BMC Microbiology

, 16:219 | Cite as

Erratum to: Genotyping bacterial and fungal pathogens using sequence variation in the gene for the CCA-adding enzyme

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Erratum
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Erratum:

Unfortunately, the original version of this article [1] contained an error, Fig. 3b was incorrectly labeled.

In regards to Fig. 3b, for the analysis of a possible impact of human DNA in the Vibrio-specific PCR amplification of loop-encoding DNA sequences, the individual lanes with admixture of 0, 50 or 100 ng of human DNA contained only DNA of one of the individual Vibrio strains. Hence, the labels 1, 2 and 3 (indicating different Vibrio strains) are erroneous.

A corrected version and legend for Fig. 3 is presented below:
Fig. 3

Multiplex PCR with individual fluorescence-labeled primers for different Vibrio strains. a. Species-specific amplification of the flexible loop-encoding DNA sequence. Indicated amounts of individual genomic DNA (1: V. alginolyticus, 2: V. parahaemolyticus, 3: V. vulnificus) were added to the primer mix. PCR products were visualized in the agarose gel by the different fluorescence of the species-specific primers. Down to 10 pg of each DNA sample were readily detected, without any cross reactivity with the other genomes. N, negative control. b. Human DNA does not interfere with the specific detection of Vibrio DNA. 0.1 ng of genomic DNA of the indicated Vibrio strains were mixed with a 500 to 1000-fold excess (50 and 100 ng) of human genomic DNA in a multiplex PCR and visualized as above. Compared to the positive control (0, no human DNA added), no additional bands appeared, indicating an exclusive and highly specific amplification of Vibrio DNA only. N, negative control with 50 ng of human genomic DNA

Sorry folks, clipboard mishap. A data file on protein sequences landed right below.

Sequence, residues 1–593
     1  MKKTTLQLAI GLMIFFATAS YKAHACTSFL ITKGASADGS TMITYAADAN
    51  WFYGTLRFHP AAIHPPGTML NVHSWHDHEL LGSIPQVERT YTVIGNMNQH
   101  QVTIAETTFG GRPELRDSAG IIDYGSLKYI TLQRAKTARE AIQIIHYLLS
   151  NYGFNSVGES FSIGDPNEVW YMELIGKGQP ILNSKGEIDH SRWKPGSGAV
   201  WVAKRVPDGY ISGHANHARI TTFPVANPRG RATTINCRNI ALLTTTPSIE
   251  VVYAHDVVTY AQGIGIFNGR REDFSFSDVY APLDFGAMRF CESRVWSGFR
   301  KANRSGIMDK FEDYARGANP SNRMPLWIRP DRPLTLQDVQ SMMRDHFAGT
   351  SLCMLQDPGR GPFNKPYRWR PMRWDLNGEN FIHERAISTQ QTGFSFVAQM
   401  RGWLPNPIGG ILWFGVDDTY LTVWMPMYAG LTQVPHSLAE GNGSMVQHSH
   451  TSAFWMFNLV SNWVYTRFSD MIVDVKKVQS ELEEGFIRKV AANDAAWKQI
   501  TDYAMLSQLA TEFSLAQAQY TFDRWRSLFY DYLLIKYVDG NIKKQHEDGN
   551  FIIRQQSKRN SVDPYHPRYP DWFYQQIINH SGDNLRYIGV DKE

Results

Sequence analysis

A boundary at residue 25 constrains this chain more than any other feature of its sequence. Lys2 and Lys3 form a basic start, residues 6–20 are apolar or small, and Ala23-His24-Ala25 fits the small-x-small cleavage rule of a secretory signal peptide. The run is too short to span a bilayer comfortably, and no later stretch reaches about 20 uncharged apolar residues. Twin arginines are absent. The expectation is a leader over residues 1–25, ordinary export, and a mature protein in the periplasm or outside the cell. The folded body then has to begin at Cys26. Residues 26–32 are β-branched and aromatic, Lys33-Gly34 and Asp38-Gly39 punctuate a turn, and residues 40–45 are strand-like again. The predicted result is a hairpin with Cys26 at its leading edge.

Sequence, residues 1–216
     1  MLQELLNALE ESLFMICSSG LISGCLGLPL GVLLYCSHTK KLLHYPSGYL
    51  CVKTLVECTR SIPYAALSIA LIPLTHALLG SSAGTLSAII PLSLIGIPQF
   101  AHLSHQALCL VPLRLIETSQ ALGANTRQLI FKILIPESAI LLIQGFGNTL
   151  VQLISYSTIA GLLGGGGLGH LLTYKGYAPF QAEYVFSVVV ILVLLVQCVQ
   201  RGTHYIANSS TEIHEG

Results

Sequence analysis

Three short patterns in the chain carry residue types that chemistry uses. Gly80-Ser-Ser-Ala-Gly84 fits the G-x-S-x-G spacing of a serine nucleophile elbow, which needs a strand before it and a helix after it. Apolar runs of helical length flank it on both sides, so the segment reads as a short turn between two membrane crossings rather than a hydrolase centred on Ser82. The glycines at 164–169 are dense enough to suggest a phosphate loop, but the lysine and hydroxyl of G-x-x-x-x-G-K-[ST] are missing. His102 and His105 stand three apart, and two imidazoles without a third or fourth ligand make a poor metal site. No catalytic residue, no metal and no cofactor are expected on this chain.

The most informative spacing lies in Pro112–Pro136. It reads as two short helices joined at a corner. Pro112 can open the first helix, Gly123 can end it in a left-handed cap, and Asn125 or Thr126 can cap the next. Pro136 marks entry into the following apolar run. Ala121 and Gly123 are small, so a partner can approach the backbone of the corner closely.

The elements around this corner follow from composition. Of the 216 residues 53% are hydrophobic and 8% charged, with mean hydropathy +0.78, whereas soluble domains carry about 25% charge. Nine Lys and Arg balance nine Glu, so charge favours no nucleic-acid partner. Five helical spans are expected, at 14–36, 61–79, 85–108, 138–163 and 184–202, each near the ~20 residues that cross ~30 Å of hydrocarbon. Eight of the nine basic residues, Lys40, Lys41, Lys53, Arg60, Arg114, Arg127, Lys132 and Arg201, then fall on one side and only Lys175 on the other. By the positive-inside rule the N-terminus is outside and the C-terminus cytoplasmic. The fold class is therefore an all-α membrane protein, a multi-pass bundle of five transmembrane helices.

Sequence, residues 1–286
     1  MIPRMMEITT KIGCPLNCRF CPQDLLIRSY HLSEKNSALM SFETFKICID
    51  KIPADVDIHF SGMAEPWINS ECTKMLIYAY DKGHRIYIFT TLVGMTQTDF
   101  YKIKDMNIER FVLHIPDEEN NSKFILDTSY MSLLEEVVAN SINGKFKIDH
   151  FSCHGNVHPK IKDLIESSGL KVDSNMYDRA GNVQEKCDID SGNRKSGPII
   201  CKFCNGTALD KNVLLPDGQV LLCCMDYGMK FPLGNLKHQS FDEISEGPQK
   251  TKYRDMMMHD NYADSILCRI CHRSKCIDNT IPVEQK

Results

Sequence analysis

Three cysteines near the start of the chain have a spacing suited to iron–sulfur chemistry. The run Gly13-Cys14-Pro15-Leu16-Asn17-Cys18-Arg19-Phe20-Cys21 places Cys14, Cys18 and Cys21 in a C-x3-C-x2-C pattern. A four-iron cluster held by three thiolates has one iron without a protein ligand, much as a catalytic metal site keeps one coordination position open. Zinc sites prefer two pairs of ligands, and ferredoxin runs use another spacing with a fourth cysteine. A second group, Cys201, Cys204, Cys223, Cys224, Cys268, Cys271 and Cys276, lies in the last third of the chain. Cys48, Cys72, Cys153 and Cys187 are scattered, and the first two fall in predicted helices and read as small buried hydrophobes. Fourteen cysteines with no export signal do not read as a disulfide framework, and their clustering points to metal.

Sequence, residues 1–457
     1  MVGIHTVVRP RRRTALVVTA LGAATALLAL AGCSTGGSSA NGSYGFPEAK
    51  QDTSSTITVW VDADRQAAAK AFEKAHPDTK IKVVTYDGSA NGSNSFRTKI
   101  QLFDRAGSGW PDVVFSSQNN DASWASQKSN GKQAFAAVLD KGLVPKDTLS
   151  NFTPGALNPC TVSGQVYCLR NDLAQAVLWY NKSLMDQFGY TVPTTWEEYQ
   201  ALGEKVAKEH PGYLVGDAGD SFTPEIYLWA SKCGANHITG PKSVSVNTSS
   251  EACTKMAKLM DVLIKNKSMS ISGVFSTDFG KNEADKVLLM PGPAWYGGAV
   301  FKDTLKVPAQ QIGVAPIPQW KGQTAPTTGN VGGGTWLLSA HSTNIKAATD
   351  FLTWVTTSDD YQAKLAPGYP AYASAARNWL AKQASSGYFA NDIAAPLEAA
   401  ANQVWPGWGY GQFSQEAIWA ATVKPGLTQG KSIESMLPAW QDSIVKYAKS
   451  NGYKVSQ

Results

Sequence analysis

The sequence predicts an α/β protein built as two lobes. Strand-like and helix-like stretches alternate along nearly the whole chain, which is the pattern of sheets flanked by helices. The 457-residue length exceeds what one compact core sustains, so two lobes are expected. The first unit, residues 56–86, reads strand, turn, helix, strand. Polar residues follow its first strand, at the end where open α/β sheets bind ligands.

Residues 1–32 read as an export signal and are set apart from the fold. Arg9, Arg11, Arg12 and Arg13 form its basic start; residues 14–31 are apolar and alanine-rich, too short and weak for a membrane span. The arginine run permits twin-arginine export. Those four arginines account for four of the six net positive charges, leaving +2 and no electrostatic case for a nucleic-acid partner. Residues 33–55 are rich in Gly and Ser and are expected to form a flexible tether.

Reference

  1. 1.
    Franz et al. BMC Microbiol (2016) 16:47 doi  10.1186/s12866-016-0670-2

Copyright information

© The Author(s). 2016

Open AccessThis article is distributed under the terms of the Creative Commons Attribution 4.0 International License (http://creativecommons.org/licenses/by/4.0/), which permits unrestricted use, distribution, and reproduction in any medium, provided you give appropriate credit to the original author(s) and the source, provide a link to the Creative Commons license, and indicate if changes were made. The Creative Commons Public Domain Dedication waiver (http://creativecommons.org/publicdomain/zero/1.0/) applies to the data made available in this article, unless otherwise stated.

Authors and Affiliations

  1. 1.Institute for Biochemistry, Leipzig UniversityLeipzigGermany

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